Endothelial Cells Promote Expansion of Long-Term Engrafting Marrow Hematopoietic Stem and Progenitor Cells in Primates


Successful expansion of bone marrow (BM) hematopoietic stem and progenitor cells (HSPCs) would benefit many HSPC transplantation and gene therapy/editing applications. However, current expansion technologies have been limited by a loss of multipotency and self-renewal properties ex vivo.We hypothesized that an ex vivo vascular niche would provide prohematopoietic signals to expand HSPCs while maintaining multipotency and self-renewal. To test this hypothesis, BM autologous CD34+ cells were expanded in endothelial cell (EC) coculture and transplanted in nonhuman primates. CD34+C382 HSPCs cocultured with ECs expanded up to 17-fold, with a significant increase in hematopoietic colony-forming activity compared with cells cultured with cytokines alone (colony-forming unit-granulocyte-erythroid-macrophage-monocyte; p < .005). BM CD34+ cells that were transduced with green fluorescent protein lentivirus vector and expanded on ECs engrafted long term with multilineage polyclonal reconstitution. Gene marking was observed in granulocytes, lymphocytes, platelets, and erythrocytes. Whole transcriptome analysis indicated that EC coculture altered the expression profile of 75 genes in the BM CD34+ cells without impeding the long-term engraftment potential. These findings show that an ex vivo vascular niche is an effective platform for expansion of adult BM HSPCs.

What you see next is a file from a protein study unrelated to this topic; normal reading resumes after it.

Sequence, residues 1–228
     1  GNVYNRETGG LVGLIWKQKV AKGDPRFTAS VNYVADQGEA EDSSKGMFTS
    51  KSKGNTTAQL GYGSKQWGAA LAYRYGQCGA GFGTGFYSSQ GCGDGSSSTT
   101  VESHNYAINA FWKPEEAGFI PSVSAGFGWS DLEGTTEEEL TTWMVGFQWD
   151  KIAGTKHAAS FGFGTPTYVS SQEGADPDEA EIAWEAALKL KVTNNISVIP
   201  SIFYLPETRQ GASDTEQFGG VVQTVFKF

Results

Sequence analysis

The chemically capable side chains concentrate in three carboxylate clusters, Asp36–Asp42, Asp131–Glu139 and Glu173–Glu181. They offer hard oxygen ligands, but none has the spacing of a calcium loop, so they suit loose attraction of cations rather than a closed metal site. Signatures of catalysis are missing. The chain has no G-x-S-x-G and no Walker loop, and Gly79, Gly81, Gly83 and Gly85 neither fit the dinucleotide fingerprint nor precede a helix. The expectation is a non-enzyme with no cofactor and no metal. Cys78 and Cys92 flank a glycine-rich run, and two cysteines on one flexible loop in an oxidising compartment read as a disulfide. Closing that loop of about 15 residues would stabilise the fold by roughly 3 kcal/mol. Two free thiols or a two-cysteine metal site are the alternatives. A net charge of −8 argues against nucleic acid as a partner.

Stem Cells Transl Med. 2016;5:1-13 (14 October 2016) DOI: 10.5966/sctm.2016-0240


Jennifer L. Gori,a Jason M. Butler,b,c,d,e Balvir Kunar,b,c,d,e,f Michael G. Poulos,b,c,d,e Michael Ginsberg,g Daniel J. Nolan,g Zachary K. Norgaard,a Jennifer E. Adair,a Shahin Rafii,b,c,d Hans-Peter Kiema,h,i

aClinical Research Division,Fred Hutchinson Cancer Research Center, Seattle, Washington, USA; bHoward Hughes Medical Institute, Chevy Chase, Maryland, USA; cAnsary Stem Cell Institute and Departments of dGenetic Medicine, eSurgery, and fPhysiology, Biophysics, and Systems Biology, Weill Cornell Medical College, New York, New York, USA; gAngiocrine Bioscience, New York, New York, USA; Departments of hMedicine and iPathology, University of Washington, Seattle, Washington, USA